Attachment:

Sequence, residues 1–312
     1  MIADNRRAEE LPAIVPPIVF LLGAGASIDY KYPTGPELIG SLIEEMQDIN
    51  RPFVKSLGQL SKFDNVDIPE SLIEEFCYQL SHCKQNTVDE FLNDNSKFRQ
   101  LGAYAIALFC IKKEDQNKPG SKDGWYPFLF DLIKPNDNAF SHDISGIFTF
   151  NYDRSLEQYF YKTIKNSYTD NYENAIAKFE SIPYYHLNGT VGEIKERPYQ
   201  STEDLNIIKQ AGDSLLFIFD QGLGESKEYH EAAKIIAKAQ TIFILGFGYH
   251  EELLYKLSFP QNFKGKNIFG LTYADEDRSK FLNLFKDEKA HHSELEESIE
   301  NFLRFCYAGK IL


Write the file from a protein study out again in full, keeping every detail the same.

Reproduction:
Sequence, residues 1–312
     1  MIADNRRAEE LPAIVPPIVF LLGAGASIDY KYPTGPELIG SLIEEMQDIN
    51  RPFVKSLGQL SKFDNVDIPE SLIEEFCYQL SHCKQNTVDE FLNDNSKFRQ
   101  LGAYAIALFC IKKEDQNKPG SKDGWYPFLF DLIKPNDNAF SHDISGIFTF
   151  NYDRSLEQYF YKTIKNSYTD NYENAIAKFE SIPYYHLNGT VGEIKERPYQ
   201  STEDLNIIKQ AGDSLLFIFD QGLGESKEYH EAAKIIAKAQ TIFILGFGYH
   251  EELLYKLSFP QNFKGKNIFG LTYADEDRSK FLNLFKDEKA HHSELEESIE
   301  NFLRFCYAGK IL